To improve the performance of freeway Wrong-Way driver detection systems, verify that articulating camera systems can consistently return to exact pre-set positions needed for analysis and automatically reset positioning if needed using reference points.
Florida DOT study evaluated the performance of Wrong-Way driver detection systems using video analytics.
Made Public Date
05/27/2020

949

Tampa Bay
Florida
United States
TwitterLinkedInFacebook
Identifier
2020-00966

Testing and Evaluation of Freeway Wrong-way Driving Detection Systems

Background

Florida DOT (FDOT) designed and conducted an evaluation of Wrong-Way detection systems offered by three different vendors. Systems evaluated primarily utilized existing FDOT camera video feeds and analyzed the images to identify Wrong-Way vehicles and notify the Traffic Management Center.

This study selected six testing locations on I-275 in the Tampa Bay area, and were assigned into four testing scenarios:

  • Testing with normal daily traffic conditions
  • Testing consecutive Wrong-Way Drivers in both directions
  • Testing under normal light nighttime traffic conditions
  • Testing under low light nighttime traffic conditions.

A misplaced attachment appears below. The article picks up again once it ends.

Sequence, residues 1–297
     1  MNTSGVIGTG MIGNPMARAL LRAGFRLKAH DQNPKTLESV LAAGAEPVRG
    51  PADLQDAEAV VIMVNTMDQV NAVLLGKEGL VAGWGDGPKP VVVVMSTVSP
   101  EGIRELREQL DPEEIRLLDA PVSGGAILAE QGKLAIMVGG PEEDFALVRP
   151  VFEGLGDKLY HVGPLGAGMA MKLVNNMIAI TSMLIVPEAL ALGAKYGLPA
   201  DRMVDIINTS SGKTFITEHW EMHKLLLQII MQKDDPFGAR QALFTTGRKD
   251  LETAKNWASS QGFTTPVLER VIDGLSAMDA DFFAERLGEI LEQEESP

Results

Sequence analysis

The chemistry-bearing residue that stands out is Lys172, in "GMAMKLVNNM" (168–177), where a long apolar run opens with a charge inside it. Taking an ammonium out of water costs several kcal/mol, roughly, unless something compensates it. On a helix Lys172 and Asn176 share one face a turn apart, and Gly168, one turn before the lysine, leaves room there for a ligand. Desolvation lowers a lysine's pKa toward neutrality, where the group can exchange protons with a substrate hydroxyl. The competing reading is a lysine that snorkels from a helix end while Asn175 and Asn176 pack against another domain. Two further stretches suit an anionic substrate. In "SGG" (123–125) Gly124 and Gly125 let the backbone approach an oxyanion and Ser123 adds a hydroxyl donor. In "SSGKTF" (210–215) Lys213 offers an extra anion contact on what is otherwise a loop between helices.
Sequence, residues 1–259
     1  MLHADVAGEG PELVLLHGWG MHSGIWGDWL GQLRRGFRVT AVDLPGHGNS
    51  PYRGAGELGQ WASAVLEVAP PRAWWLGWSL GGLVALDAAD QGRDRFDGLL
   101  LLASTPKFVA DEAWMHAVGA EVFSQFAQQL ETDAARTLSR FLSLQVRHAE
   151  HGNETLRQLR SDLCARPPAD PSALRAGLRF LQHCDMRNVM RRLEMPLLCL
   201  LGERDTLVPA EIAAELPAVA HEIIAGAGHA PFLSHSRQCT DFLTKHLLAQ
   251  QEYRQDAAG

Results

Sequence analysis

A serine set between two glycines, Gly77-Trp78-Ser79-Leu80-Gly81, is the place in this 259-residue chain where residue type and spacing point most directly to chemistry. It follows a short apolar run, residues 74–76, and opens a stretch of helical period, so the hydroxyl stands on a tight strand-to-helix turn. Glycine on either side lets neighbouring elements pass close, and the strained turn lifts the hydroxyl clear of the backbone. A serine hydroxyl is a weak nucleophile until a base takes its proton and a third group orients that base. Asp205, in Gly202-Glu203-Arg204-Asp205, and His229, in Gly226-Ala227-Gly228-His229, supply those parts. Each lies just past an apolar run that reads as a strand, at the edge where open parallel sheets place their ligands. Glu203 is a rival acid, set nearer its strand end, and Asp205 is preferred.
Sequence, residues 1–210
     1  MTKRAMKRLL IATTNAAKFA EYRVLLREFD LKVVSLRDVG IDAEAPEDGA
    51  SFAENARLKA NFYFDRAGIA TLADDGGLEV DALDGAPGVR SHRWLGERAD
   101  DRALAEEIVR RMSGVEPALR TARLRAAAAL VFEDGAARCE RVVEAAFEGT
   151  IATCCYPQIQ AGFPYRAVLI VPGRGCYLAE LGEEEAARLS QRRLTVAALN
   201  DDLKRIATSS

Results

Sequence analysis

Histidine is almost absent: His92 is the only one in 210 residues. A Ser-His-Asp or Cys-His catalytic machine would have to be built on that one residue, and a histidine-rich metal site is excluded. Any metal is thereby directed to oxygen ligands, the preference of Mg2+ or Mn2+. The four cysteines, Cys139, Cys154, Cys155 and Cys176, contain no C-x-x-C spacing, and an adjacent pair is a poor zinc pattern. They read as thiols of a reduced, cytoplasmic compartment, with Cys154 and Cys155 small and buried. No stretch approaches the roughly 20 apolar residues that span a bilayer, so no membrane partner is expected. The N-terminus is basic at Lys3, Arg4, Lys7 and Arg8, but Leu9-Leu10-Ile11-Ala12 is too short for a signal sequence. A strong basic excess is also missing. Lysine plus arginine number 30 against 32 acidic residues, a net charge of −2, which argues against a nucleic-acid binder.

The following measures were developed for use in the performance evaluation:

  • Wrong-Way Driving detection system accuracy
  • Percentage of False calls
  • Actual Wrong-Way Driving detection accuracy
  • Percentage of Missed Calls.

Data collection occurred after vendors were able to set-up and configure and optimize their systems for testing. Duration of data collection was set for one full week with an additional week of data when needed. Collected Wrong-Way driving detections included date, time and location information. Recorded video data was used as ground truth for the assessment.

Comparison of different testing scenarios showed varied detection performance, but all were able to send notifications without issues. The performance indicators of detection system accuracy and actual detection accuracy were excellent indicators of vendor system performance, but did not necessarily reflect true detection in actual implementation.

Lessons Learned

  • Performance measures used were found to be excellent indicators of vendor freeway Wrong-Way driver detection, however real system performance should be further investigated based on actual Wrong-Way driving detection over a sufficiently long time, or under a controlled environment.
  • Existing Pan-Tilt-Zoom (PTZ) cameras were found to sometimes not return consistently to the exact pre-set position needed for analysis. As a result, fixed cameras were used for this study. The research team offered two recommendations: (1) Check PTZ cameras to determine if they can return to the exact pre-set position for similar studies, and (2) Improve freeway Wrong-Way driver detection systems to automatically adjust settings using reference points for minor movements of PTZ cameras and provide alerts for large movements.
Goal Areas